Kirby presented at both Fall Clinical and the Inflammatory Disease Summit in Las Vegas.
“When I'm using over the counter products, I feel like MacGyver. I'm using tools that are out there, but for a new purpose and usually high value, low cost, but good effect,” said Joslyn Sciacca Kirby, MD, MS, MEd, regarding her Fall Clinical session, “Leveraging OTC Products in Your Practice.” Kirby, a board-certified dermatologist, associate professor of dermatology, and vice chair for education in the dermatology department at Penn State Health, also presented at the 2023 Inflammatory Disease Summit on hidradenitis suppurativa (HS) procedures during breakout sessions.
During her OTC products presentation, Kirby reviewed some of her favorite products to recommend for improving itch, including OTC antihistamines, naltrexone taken with shelf-stable orange juice, and pimple patches.
Kirby’s HS workshop at the Inflammatory Disease Summit demonstrated the benefit of combining medications with procedures to better improve HS in various Hurley stages. In her interview, Kirby also discusses what’s coming up in the HS pipeline that clinicians should be paying attention to.
Joslyn Sciacca Kirby, MD, MS, MEd: Hi, my name is Joslyn Kirby, I work at Penn State Health.
Dermatology Times: What products did you discuss in your Fall Clinical session, "Leveraging OTC Products in Your Practice?"
Kirby: We just had a conversation about OTC products and how you can leverage them for your practice. When I'm using over the counter products, I feel like MacGyver. I'm using tools that are out there, but for a new purpose and usually high value, low cost, but good effect. What's important to keep in mind is your patient might not see it that way. They just spent their time and money to come and see you as a provider in your office. Maybe they were looking for a prescription. So, anticipate that with just a little bit of guidance. One is see what their experience has been with OTCs and maybe that specific product. Second is set their expectations that this might actually have ingredients that can help them. When it comes to OTCs, I use a lot of them for itch and different ways that people feel itch. So first one is when it comes to chronic spontaneous urticaria, we're hearing so much more about CSU, but first line treatment is cheap, easy to use over the counter second generation antihistamines. So, these are cetirizine, fexofenadine, and loratadine. All of them are first line treatment, but at 4 times the daily dose. So not just one pill a day. Four pills a day is going to be your first tool for chronic spontaneous urticaria. Second, antihistamines don't put them away with urticaria pull them out when you have a procedure and somebody may be a little bit anxious. You can have diphenhydramine or Benadryl in your office, give it to people about 30 minutes before a procedure might help them feel just a little sedated a little more comfortable with that procedure. Other itches, sometimes we use low dose naltrexone. Now naltrexone is a prescription, but if you get it compounded it has a hefty price tag. You can use an over the counter tool, orange juice, shelf-stable orange juice, prescribe that naltrexone, there'sa really nice recipe in the JAAD in an article by Dirk Elston, I highly recommend you look it up. Last take home: pimple patches. So there's a new product on the market hydrocolloid patches that people can put on their acne, but in itch when people have prurigo nodularis, we need to interrupt that itch scratch itch cycle, I have them buy those pimple patches and put them on their prurigo nodules as a little reminder that we want to try and keep our fingers off.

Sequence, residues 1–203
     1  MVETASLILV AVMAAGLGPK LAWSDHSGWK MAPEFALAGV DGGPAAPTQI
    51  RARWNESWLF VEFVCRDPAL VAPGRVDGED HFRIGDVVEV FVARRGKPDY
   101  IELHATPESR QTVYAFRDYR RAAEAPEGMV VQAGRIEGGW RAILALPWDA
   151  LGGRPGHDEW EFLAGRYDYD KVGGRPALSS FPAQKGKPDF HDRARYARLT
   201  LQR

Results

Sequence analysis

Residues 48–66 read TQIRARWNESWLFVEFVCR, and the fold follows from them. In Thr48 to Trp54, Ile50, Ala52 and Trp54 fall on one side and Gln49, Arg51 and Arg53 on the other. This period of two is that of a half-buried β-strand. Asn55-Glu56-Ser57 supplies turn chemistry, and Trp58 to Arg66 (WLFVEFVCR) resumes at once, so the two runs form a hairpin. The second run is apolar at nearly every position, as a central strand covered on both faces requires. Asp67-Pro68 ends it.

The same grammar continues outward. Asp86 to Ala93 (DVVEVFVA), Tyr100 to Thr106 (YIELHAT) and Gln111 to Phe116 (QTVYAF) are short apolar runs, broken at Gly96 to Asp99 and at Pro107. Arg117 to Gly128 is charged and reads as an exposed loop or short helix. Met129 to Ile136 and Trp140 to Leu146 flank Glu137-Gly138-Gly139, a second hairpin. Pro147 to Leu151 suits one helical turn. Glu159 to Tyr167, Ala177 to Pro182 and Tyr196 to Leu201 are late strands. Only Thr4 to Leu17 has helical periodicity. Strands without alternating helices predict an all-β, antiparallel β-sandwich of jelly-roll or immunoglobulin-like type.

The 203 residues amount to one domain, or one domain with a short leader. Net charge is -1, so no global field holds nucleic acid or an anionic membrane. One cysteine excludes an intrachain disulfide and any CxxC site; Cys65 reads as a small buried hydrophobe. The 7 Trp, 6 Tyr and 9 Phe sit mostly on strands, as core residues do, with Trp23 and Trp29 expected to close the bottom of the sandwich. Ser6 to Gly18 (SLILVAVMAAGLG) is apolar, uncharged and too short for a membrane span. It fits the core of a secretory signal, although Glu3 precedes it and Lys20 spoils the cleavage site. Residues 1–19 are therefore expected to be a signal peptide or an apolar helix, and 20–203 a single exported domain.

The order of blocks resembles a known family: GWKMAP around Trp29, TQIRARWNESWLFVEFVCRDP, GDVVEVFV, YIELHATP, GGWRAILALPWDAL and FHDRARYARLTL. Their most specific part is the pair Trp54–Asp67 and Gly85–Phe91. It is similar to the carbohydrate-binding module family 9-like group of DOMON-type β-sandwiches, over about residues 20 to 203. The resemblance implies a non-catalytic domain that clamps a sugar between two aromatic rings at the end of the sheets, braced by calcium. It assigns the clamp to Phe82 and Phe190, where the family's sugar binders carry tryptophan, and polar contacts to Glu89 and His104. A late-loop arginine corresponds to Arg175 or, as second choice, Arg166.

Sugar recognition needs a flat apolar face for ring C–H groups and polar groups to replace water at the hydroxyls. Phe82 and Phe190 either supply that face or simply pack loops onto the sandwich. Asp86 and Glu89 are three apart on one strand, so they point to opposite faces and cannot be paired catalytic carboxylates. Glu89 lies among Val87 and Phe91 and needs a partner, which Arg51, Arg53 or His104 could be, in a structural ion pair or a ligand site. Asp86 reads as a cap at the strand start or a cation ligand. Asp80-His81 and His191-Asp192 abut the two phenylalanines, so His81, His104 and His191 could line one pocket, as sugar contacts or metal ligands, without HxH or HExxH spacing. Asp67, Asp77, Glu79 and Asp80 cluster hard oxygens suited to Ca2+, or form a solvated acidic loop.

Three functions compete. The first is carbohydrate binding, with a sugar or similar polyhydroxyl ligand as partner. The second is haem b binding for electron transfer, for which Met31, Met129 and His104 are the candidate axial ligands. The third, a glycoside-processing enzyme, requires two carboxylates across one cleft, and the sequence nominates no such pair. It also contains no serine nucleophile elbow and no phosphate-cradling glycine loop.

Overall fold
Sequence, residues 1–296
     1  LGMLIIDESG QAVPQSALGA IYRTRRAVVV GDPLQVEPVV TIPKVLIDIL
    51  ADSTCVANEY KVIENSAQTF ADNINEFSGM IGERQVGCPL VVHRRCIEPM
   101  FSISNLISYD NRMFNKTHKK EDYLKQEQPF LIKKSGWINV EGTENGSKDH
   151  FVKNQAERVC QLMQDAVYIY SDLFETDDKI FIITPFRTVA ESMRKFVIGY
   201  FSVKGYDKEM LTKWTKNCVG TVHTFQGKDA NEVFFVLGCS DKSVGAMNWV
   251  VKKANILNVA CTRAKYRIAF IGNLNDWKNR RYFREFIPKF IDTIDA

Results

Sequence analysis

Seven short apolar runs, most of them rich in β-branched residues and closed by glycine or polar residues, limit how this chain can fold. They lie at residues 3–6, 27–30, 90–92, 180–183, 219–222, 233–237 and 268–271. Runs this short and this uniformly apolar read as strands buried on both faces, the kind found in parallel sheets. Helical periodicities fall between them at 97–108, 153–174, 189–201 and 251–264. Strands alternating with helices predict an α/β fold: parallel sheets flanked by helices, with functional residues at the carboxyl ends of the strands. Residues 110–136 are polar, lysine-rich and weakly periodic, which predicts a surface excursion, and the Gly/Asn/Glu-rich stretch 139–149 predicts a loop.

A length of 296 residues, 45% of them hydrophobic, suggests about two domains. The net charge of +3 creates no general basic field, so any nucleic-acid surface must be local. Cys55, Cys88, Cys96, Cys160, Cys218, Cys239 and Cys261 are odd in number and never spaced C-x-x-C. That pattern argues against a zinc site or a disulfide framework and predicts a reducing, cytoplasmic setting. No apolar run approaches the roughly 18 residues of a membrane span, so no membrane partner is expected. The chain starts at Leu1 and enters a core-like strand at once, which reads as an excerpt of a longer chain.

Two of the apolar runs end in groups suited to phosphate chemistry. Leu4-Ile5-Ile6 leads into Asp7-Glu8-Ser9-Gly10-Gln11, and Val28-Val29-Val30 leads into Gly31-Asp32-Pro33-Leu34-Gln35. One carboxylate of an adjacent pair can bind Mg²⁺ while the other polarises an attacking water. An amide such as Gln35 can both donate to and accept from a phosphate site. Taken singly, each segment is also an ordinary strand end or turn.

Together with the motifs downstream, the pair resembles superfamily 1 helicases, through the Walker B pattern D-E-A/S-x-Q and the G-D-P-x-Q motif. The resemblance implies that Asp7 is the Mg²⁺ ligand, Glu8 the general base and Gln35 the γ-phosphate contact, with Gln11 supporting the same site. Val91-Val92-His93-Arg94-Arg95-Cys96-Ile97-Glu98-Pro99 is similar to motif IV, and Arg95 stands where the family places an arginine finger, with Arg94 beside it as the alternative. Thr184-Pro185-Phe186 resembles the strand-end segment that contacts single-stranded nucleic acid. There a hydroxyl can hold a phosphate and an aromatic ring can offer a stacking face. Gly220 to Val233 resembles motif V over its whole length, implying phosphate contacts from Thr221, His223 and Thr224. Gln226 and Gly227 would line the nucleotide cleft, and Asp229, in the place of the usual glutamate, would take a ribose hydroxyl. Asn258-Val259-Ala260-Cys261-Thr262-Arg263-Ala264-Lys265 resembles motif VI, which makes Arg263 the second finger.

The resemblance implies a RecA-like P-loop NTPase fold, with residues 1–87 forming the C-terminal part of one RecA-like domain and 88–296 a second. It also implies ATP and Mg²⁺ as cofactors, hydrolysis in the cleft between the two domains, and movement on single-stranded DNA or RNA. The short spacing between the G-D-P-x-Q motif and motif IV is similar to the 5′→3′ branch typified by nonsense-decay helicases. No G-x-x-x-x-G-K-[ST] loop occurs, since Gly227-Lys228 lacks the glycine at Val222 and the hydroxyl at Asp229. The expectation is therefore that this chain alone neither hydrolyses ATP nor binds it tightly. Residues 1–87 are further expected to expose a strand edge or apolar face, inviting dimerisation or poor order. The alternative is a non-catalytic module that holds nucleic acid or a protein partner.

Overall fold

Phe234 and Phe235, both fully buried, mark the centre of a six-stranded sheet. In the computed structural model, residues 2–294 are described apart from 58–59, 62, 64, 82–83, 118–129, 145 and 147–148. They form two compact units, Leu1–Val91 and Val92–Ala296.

Dermatology Times: Can you please provide an overview of the "Hidradenitis Suppurativa Hands-On Procedural Workshop" from the 2023 Inflammatory Disease Summit?
Kirby: We had an HS workshop the other day, we talked about medical management, but also importantly, the other side of things: procedural management. And I find that I move people further faster when I'm combining those 2 things together. So, for every stage of HS, there's a medicine you can use and a procedure that you can do. As the disease gets more advanced from Hurley 1 to Hurley 2 to Hurley 3, appropriately those medicines, they get a little more powerful. And the procedures, they might get a little bit bigger. These are all procedures we can do in our office. And so, one of the things we wanted to do is try and show people that they can do these procedures. So, we created a simulation during a workshop session, and we had people practice punch deroofings, more regular deroofings. And we talked about excisions.
Dermatology Times: HS treatment continues to gain momentum at meetings and in conversations. What is currently in the pipeline that you are looking forward to?
Kirby: HS, it's fun to see it as a hot topic of conversation not only in the hallways here at the conference, but up on the podium. And I think we're seeing a lot of data around new therapies that are coming out. We've had for years adalimumab, we use a lot of infliximab off-label, but now we're moving into the era of having some IL-17's in our toolbox for hidradenitis. Secukinumab is probably going to be labeled any day now for HS which will be great and hopefully decrease some of the work it takes us to get that drug for our patients. And then kind of close at its heels is going to be bimekizumab so a 17, and a TNF-α inhibitor. I'm really excited to have both of those in our toolbox. And a third drug class that we see coming along for HS is going to be JAK inhibitors and I think we're going to again, get people further faster and get better control with all these modalities.
[Transcript edited for clarity]